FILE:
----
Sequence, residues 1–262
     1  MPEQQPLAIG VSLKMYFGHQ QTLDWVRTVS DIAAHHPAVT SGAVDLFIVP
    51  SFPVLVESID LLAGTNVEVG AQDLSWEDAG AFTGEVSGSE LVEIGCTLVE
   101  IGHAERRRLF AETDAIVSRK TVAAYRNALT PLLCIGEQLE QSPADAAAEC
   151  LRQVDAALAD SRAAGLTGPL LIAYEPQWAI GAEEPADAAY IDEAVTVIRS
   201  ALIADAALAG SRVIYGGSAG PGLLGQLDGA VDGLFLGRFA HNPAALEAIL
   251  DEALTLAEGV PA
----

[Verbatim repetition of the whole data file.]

Sequence, residues 1–262
     1  MPEQQPLAIG VSLKMYFGHQ QTLDWVRTVS DIAAHHPAVT SGAVDLFIVP
    51  SFPVLVESID LLAGTNVEVG AQDLSWEDAG AFTGEVSGSE LVEIGCTLVE
   101  IGHAERRRLF AETDAIVSRK TVAAYRNALT PLLCIGEQLE QSPADAAAEC
   151  LRQVDAALAD SRAAGLTGPL LIAYEPQWAI GAEEPADAAY IDEAVTVIRS
   201  ALIADAALAG SRVIYGGSAG PGLLGQLDGA VDGLFLGRFA HNPAALEAIL
   251  DEALTLAEGV PA